Settlement agencies in B.C. are expecting wait lists for English classes to grow after the federal government cut funding to the Language Instruction for Newcomers to Canada program in the province, also known as LINC. 

The Immigrant Services Society of B.C. is facing a $300,000 shortfall, equal to a nine per cent cut to its LINC classes. 

As a result, English language classes will be lost in Richmond, Vancouver, and Burnaby and staff are also expected to receive layoff notices. 

LINC service providers like ISSofBCS.U.C.C.E.S.S., and Mosaic already have wait lists of up to one year, with hundreds of newcomers waiting for English classes. 

In Surrey, where a large number of refugees are settling, the wait list at S.U.C.C.E.S.S. for English classes currently sits at 1300 people. 

At Mosaic's North Vancouver LINC program, the wait list has more than 700 names on it. 

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A volunteer with the Muslim Food Bank uses handouts to help Syrian refugees understand Canadian culture and language. (CBC News)

"It has a huge impact, because when they're not studying, it delays their ability to communicate in daily life," said Nina Miller, the senior manager of language programs at Mosaic.

Service providers were told the federal government is reducing funding based on landing numbers of immigrants and refugees in B.C.

They were told funding is being redistributed proportionately, so other provinces where more newcomers are arriving, could see funding increases. 

Frustration and isolation

The Muslim Food Bank says refugees on wait lists are feeling frustrated and isolated, and, as a result, the organization has started free conversational English classes for newcomers.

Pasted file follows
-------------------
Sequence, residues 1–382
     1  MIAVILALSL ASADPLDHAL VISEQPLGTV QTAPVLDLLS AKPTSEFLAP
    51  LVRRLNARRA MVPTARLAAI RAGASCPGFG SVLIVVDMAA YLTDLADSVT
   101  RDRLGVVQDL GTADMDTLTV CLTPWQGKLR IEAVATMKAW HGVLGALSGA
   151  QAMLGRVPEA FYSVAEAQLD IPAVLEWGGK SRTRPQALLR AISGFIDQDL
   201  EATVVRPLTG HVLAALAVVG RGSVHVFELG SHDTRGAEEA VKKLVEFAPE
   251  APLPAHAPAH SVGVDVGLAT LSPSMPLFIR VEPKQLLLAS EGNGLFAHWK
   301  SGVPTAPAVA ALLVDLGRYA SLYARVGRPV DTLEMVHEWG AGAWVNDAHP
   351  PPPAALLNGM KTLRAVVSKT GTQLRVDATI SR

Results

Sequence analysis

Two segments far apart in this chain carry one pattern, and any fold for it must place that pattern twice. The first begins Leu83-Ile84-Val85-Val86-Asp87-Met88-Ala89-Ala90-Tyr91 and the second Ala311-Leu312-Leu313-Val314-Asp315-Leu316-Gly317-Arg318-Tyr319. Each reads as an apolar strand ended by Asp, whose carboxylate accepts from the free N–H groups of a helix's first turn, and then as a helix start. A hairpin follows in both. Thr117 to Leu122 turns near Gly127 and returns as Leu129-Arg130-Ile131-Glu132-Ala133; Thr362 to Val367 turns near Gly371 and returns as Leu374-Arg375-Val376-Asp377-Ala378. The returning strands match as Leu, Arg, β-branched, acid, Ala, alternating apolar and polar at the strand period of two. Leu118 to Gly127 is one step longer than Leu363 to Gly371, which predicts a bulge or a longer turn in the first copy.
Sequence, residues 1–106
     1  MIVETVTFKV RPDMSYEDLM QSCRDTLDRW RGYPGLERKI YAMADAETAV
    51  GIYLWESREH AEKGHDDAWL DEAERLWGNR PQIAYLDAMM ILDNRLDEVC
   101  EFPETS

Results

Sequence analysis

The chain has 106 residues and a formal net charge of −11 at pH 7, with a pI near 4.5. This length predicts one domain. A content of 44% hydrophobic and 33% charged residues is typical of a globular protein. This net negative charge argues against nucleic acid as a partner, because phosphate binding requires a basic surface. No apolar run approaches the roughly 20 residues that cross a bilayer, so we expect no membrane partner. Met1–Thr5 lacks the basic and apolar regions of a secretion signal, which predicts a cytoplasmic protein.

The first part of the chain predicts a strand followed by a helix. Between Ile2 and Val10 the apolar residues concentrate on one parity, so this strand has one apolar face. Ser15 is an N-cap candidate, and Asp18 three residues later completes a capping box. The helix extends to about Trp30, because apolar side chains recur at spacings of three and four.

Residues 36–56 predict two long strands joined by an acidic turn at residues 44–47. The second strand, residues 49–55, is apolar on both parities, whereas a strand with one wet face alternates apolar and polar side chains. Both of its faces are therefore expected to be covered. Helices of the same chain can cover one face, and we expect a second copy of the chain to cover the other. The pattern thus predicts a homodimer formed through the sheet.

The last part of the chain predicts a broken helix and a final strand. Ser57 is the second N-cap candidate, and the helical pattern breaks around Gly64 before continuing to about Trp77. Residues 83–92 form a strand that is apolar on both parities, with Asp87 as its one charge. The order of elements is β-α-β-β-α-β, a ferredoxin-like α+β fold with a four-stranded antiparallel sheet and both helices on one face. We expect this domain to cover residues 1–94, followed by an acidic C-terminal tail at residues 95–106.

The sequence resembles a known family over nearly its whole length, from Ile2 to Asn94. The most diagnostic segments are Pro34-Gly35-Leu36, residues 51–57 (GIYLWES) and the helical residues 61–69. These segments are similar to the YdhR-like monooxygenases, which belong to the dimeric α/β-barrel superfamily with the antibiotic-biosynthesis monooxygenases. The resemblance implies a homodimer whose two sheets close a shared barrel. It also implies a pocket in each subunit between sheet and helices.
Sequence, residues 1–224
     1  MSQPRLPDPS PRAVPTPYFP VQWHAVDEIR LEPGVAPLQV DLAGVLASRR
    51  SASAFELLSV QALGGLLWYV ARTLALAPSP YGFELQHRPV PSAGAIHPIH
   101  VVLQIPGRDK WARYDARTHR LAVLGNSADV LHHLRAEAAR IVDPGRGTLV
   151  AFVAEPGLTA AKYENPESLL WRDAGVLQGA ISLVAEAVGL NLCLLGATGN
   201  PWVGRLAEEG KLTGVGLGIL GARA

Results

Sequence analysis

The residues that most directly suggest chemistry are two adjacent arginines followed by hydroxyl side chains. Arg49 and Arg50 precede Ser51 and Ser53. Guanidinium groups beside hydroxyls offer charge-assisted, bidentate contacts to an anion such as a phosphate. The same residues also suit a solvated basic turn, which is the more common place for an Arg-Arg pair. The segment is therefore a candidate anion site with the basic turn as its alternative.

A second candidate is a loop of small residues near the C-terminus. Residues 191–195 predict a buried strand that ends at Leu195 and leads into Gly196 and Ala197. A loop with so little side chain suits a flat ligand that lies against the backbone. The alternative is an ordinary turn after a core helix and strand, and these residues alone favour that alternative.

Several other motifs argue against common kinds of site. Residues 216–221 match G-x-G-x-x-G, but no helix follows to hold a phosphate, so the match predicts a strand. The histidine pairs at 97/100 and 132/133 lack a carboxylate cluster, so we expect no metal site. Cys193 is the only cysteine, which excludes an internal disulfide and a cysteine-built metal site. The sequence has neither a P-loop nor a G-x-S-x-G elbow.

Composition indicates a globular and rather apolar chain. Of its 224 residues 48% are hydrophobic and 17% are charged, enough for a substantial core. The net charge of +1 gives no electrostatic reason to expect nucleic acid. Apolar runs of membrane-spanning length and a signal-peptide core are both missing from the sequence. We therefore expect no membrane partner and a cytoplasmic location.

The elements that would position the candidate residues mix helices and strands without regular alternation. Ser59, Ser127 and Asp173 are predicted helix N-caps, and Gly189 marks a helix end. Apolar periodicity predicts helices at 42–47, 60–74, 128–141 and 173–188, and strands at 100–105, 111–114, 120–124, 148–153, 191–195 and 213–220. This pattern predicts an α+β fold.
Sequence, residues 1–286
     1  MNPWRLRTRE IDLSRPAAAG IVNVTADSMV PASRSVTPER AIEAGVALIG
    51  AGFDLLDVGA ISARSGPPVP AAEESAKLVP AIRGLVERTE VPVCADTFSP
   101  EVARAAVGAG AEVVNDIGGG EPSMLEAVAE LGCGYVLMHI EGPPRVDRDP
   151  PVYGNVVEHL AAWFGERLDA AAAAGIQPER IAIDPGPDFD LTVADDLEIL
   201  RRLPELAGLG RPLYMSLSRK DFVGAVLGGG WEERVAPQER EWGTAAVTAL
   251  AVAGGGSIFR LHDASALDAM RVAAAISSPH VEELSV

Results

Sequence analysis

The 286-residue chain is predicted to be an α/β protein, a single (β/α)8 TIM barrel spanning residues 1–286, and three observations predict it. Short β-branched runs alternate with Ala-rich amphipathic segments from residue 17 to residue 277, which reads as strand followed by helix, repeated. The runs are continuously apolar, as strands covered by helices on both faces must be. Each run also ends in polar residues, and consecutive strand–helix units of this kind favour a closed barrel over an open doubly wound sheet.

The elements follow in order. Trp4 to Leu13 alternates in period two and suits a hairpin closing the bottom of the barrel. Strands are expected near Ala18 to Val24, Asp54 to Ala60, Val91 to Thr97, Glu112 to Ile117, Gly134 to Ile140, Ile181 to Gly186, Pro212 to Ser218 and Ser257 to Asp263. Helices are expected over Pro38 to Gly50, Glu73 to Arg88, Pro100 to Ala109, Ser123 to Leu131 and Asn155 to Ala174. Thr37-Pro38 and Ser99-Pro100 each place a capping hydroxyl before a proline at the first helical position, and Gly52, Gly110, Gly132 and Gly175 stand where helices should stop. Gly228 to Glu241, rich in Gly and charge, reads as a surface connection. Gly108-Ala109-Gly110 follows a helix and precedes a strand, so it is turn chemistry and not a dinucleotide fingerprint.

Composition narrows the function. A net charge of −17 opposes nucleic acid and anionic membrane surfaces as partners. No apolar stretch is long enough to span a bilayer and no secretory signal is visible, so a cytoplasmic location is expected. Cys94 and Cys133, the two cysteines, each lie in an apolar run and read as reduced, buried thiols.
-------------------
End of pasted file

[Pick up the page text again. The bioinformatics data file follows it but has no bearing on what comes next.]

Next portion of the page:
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Ashraf Mohammed with the Muslim Food Bank said the wait list for federally funded English classes could be up to a year, so volunteers decided to start their own program. (CBC News)

"There's a huge wait list," said organizer Ashraf Mohammed. "Some people have been waiting a year and we felt there was a need for them to be able to at least be conversational [in] English," 

"If they have to converse with the teachers about their children, and even going out shopping and doing basic things like travelling, so we thought at least we can get them to speak conversational English, we've overcome a huge hurdle."

There are classes several times a week in downtown Vancouver and Coquitlam, and the volunteer-run program hopes to soon expand to Richmond, Burnaby and Surrey. 

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A group of Syrian refugees meet several times a week, to learn English from volunteers with the Muslim Food Bank. (Bal Brach/CBC News)

​"I can't even begin to explain what it means to them," said Mohammed. "It's like giving them a lifeboat to actually start communicating."

​But while settlement service agencies applaud the Muslim Food Bank initiative, they worry about the future of federally-funded programs.

"It's really great to hear about these sprouting up, but it really is no replacement for the program that can give immigrants and refugees the training they need from trained teachers ... who at the end of their study can provide them with the certificate they can take to apply for citizenship," said Lisa Herrara, lead instructional coordinator at ISSofBC's Language College. 

 "There really is no replacing that."


To listen to the full interview, click the link labelled: Settlement agencies worried about cuts to language programs in B.C.